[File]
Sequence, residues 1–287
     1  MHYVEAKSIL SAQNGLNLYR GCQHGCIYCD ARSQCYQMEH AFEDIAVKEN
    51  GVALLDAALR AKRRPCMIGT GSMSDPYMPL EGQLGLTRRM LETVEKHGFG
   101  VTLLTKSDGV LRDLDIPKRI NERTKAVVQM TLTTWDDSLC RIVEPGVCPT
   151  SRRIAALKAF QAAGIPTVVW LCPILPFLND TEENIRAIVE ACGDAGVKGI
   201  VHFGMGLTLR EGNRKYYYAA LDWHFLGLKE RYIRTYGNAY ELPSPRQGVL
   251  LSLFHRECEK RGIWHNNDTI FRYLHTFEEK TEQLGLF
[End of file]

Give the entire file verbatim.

Sequence, residues 1–287
     1  MHYVEAKSIL SAQNGLNLYR GCQHGCIYCD ARSQCYQMEH AFEDIAVKEN
    51  GVALLDAALR AKRRPCMIGT GSMSDPYMPL EGQLGLTRRM LETVEKHGFG
   101  VTLLTKSDGV LRDLDIPKRI NERTKAVVQM TLTTWDDSLC RIVEPGVCPT
   151  SRRIAALKAF QAAGIPTVVW LCPILPFLND TEENIRAIVE ACGDAGVKGI
   201  VHFGMGLTLR EGNRKYYYAA LDWHFLGLKE RYIRTYGNAY ELPSPRQGVL
   251  LSLFHRECEK RGIWHNNDTI FRYLHTFEEK TEQLGLF